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As I ventured on, I encountered another haft seen, which, while simpler and earthier than the other one, was still stunning. I entered a wing where various activities were being conducted. I observed a young man painting people’s names in the Persian calligraphy by utilizing stylized forms and colors to transform their names into works of art. Another stand featured the Falnama, or “Book of Omens.” The Falnama is an old tradition in which someone turns to a random page, and depending on what brilliantly illustrated story and series of texts he/she turns to, that will reveal his/her fortune. Lastly, I toured the exhibit Feast Your Eyes: A Taste for Luxury in Ancient Iran, which featured breathtaking metalwork and dishware from the early civilizations of Iran. All of the brought the cultures of Iran and Nowruz-celebrating countries to life, and it was amazing to partake in these festivities.

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Sources Consulted

http://cmes.hmdc.harvard.edu/files/NowruzCurriculumText.pdf

figandquince.com

Picture Credit (What’s in Haft Seen and why?): figandquince.com

———-
For all of the North Star Project 2013-2014 Reports, see https://mgjnorthstarproject.wordpress.com/
For all of the North Star Project 2013 Summer Reports, see http://www2.css.edu/app/depts/HIS/historyjournal/index.cfm?cat=10

The North Star Project 2013-2014 School Year Reports: The Middle Ground Journal’s collaborative outreach program with K-12 classes around the world. We gratefully acknowledge North Star Academy of Duluth, Minnesota as our inaugural partner school, and the flagship of our K-12 outreach program. We also warmly welcome Duluth East High School and Dodge Middle School to the North Star Project.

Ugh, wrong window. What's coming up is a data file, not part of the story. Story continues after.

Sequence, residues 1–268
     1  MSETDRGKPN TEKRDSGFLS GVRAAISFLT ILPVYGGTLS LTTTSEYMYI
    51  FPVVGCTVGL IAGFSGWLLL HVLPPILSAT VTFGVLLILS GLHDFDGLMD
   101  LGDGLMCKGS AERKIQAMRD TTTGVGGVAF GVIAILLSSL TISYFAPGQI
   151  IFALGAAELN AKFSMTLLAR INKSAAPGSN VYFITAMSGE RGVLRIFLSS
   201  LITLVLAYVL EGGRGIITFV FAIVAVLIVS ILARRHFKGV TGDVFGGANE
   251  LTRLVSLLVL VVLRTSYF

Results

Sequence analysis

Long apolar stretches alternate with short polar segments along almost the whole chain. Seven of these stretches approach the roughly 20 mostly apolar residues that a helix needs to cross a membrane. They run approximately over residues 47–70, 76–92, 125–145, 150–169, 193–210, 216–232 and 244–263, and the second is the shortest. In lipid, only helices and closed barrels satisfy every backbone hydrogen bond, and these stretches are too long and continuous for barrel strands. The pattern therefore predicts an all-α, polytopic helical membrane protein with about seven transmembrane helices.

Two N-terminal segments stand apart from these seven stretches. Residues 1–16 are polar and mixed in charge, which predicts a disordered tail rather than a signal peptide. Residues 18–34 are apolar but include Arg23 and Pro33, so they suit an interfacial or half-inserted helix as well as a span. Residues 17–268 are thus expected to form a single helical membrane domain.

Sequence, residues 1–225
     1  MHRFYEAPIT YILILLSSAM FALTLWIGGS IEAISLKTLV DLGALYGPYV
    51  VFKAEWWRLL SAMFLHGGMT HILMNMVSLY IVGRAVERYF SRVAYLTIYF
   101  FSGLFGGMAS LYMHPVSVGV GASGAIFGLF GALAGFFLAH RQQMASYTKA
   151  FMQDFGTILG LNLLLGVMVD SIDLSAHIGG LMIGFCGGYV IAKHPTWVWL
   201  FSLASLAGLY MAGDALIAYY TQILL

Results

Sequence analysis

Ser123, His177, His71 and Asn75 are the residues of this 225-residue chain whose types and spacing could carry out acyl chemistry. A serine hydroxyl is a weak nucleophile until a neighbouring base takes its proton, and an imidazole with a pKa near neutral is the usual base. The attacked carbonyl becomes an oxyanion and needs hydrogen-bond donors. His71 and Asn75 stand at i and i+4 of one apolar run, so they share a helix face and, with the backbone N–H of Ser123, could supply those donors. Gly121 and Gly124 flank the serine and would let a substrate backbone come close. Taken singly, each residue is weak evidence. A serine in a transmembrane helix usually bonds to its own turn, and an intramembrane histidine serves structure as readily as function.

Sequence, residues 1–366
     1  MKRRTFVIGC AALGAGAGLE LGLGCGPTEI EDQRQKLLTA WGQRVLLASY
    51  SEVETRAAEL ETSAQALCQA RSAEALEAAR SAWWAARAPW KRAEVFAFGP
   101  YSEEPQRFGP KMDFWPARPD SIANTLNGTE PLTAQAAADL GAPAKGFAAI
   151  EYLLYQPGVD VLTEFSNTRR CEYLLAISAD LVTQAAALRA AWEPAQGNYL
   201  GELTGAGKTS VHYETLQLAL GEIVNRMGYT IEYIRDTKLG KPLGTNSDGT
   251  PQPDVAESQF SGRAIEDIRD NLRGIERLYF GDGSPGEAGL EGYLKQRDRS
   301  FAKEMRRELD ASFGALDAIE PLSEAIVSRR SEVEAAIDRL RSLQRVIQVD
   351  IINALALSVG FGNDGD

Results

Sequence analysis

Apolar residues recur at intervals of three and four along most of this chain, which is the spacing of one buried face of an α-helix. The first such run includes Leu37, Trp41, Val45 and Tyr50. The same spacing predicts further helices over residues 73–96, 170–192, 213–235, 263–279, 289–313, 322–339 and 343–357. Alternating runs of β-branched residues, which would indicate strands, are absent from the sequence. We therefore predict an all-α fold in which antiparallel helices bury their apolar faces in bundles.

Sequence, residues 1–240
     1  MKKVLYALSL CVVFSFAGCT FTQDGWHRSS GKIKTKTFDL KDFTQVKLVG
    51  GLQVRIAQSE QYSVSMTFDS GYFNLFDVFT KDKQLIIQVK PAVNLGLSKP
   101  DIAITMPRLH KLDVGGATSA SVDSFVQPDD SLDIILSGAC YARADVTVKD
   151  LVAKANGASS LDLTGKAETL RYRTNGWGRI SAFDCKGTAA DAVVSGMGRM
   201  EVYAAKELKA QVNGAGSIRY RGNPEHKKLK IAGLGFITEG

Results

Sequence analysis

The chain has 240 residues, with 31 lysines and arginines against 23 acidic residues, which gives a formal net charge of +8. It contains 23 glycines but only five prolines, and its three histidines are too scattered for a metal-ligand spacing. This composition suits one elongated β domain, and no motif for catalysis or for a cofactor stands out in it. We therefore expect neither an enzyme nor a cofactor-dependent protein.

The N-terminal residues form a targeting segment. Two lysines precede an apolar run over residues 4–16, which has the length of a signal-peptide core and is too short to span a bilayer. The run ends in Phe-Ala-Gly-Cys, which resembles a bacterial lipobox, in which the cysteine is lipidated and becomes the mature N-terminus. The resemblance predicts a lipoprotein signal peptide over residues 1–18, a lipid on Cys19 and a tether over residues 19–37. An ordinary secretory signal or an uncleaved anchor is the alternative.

Under the leadership of our North Star host teachers and student interns, The North Star Project has flourished for two years. For a brief summary, please see a recent article in the American Historical Association’s Perspectives on History, at:

http://www.historians.org/perspectives/issues/2013/1305/Opening-The-Middle-Ground-Journal.cfm

https://www.historians.org/publications-and-directories/perspectives-on-history/january-2014/embracing-oa-universities-adopt-open-access-policies-for-faculty-journal-publications

Having re-tooled and re-designed the collaborative program, we are drawing on the experience of our veteran student interns, ideas from our host teachers, and new projects provided by our incoming student interns. This school year The Middle Ground Journal will share brief dispatches from our North Star Project student interns, particularly from those who are currently stationed, or will soon be stationed abroad. As of the time of this report we have confirmed student interns who will be reporting from Mongolia, Southern China, Shanghai, northeastern China, The Netherlands, Tanzania, Ireland, England, Finland, Russia, and Haiti. We also have students developing presentations on theatrical representations of historical trauma, historical memory, the price individuals pay during tragic global conflicts, and different perceptions of current events from around the world. We will post their brief dispatches here, and report on their interactions with the North Star students and teachers throughout the school year.

Hong-Ming Liang, Chief Editor, The Middle Ground Journal, The College of St. Scholastica, Duluth, MN, USA, 2013-2014 School Year

(c) 2014 The Middle Ground Journal, Number 8, Spring, 2014. See Submission Guidelines page for the journal’s not-for-profit educational open-access policy.